Last week, Suzanne McGee, penned a feature in the Money section of the Guardian, with the headline, You can try to be the next Hemingway — for $6,000 and the subhead, Self-publishing has made it possible to get your writing out in the world. But it hasn’t made it cheap.
In her article, she suggests based on her interviews with a number of self published authors, there are some critical elements you need to consider if you are going to self publish. Those include
- An ISBN number
- Cover Art
- Paid reviews
- Promotional print copies of your book
She suggested the total cost of the project would be around $6,000 with the two-thirds of that budget going to editing. Not surprising her article generated 80 comments and many opposing views. Some were civil in their comments and some were rude. Based on her response to the comments I think she was simply trying to point out that self-publishing is not and should not be considered a “free” opportunity as some might lead you to believe.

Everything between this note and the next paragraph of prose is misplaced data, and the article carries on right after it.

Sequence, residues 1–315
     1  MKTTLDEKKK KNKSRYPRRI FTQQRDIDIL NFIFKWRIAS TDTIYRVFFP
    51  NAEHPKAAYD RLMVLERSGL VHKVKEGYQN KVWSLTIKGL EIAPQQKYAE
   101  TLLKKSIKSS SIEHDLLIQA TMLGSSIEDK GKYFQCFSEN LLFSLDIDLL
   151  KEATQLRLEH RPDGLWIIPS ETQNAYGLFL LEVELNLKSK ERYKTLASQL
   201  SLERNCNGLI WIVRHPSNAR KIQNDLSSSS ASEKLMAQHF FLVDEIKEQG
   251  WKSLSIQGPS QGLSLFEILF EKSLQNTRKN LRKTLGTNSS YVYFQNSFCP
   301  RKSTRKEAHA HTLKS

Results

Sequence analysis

Certainly you can spend more or less than the amount she suggests, but those who were debating the number I think missed the most helpful points of the article.
- You are going to have to invest in editing to have a good book--I think this is the most important thing every self published author needs to remember and good editors are not cheap or free.
- You will have to invest time and money in promotion–She suggests paid reviews and many debate the value of those, but the point is you can’t just publish a book and wait for people to find it. You are going to have to spend some coin to garner interest and publicity.
- You will have to give things away before you see sales—In her article she suggests you need promotional copies of your book to hand out to media or others to get word of mouth about your book started. I think that is true, but there are other things you may want to consider as well.
The other great value to an article like this is it points out the need to have a simple way to evaluate the options out there for authors. I have written extensively about this topic and have a white paper title The Four Paths to Publishing, that layouts out the different opportunities available today for authors to get their books in the hands of readers.
If you would like to read the complete article in The Guardian, you can find it by clicking here.